Something to say
Ben Arnold hosts weekly poetry open mics and slams for Reno youth
Open mic nights can be a tricky thing. No matter what the genre of art or music, they often attract the lowest common denominator of talent. It makes one ask the question: Is sitting through a bunch of crap for the hope of one good piece of art worth it?
Ben Arnold, a local slam poet, occasional freelance writer, graffiti artist and teacher at Wooster High School, thinks so. As an English teacher, he’s used to bad writing, so he may have a higher tolerance than the rest of us. But he sees potential in some youth poetry.
“I’m blunt, too,” he says, regarding coaching students on writing. “If I have a student that thinks he can write like no one else, and his writing is the worst I’ve seen in five years, I tell him.”
That’s part of the reason why Artown recruited him to host weekly all-ages poetry workshops throughout July at Se7en Tea House and Bar on West Street, where he’s been hosting open mic nights since January.
Arnold understands the need for young people to express themselves. He speaks to the rebellious teen spirit: “What’s their cause? What’s their message?”
But Arnold is probably more rebellious than many of his students. He’s pleasant and well mannered, but he certainly doesn’t sugarcoat anything. Sitting at Mel’s Diner, sporting a messy beard and a Reno Envy T-shirt that doesn’t quite cover the colorful half-sleeve tattoos on his upper arms, Arnold dives into a conversation about life, death, his writing career, and how working with Reno’s youth has influenced him.
What would normally have been a standard 30-minute press interview turns into a three-hour candid conversation about everything from the major lack of money in writing as a profession—“That’s why I’m an English teacher,” he says—to how his students turned him on to the art of graffiti when he was 30 years old and one year into his teaching career. He also discusses how the death of a former student of his, artist Luis Sedano-Felix, both inspired him to pursue his own art further and showed him, in an all-too-real example, the tragedies of gang life. Arnold doesn’t spend much time talking about the open mic itself. He doesn’t need to. Writers are inspired by these defining moments in life. The story of Sedano’s life and death are also the story of Arnold’s inspiration.
Luis Sedano-Felix was a graffiti writer, not a gangster. He was also a 19-year-old psychology major at the University of Nevada, Reno, and a community service volunteer who often helped clean up the Neil Road area, a place some referred to as a ghetto. In high school he was in several student clubs, graduated with honors and was loved by his teachers.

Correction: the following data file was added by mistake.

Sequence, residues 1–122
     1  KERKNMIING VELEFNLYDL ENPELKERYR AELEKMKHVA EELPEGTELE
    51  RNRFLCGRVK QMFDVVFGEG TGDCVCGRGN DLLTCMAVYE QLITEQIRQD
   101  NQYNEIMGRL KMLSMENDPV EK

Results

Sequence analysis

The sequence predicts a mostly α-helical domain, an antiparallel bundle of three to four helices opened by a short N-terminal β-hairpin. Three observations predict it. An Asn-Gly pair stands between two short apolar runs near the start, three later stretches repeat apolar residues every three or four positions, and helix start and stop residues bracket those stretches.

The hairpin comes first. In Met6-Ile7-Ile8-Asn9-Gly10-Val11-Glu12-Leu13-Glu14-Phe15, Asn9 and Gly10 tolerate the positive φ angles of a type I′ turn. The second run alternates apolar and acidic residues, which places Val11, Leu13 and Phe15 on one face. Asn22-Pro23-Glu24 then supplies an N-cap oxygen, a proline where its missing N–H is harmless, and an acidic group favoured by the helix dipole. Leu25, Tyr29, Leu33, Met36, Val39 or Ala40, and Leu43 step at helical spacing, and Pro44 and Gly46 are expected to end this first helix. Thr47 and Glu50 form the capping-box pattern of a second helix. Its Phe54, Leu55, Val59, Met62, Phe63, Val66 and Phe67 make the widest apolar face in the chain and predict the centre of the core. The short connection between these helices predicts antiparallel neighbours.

On Oct. 31 last year, a gangster shot and killed Sedano and his cousin Jesus Garibay, 20, after they crossed out graffiti on Neil Road.
The tragedy inspired Arnold, who paints graffiti art with many of Sedano’s friends, to write a poem called “depress”:
one thing into another
then things spun
sharpies and notebooks
Montana cans and alleys
a wannabe thug
got his name crossed out
now Luis can’t even breathe
I wish we could go back
to when graf writers
weren’t confused with gangs
my friend didn’t live
in the old school
he’s now depressed
into the earth
way too soon
Another of Arnold’s poems, “Ya keep makin me” is an ode to other writers, both famous poets and students of his. A passage from the poem reads:
I thank Ismael Reed
for reminding me
that “Writin’ is fightin’”
and that tenure jobs just don’t mean shit.
My two Mormon girls bring in poetry
that their parents would tear
and I thank someone’s god
for letting them still learn.
Arnold’s BEtheCAUSE open mic nights include a slam poetry contest, as well. Arnold hopes that, throughout the summer, he can filter through young poets and create a six-person youth slam poetry team that will be able to compete against teams in other cities.
“I really do want this to be a bridge for these younger writers and artists to get into the real world with it,” says Arnold.
BEtheCAUSE is also linking up with the poetry collective Spoken Views and youth art advocacy group Holland Project—two groups that have had varying success with youth workshops.
“If we all work together, which we’re starting to with this summer stuff, I think it’ll help all three groups,” says Arnold.
Two films related to spoken word poetry, Slam and The Cruise, are shown July 4 from 7 p.m. to 11 p.m. at West Street Market. $5 suggested donation.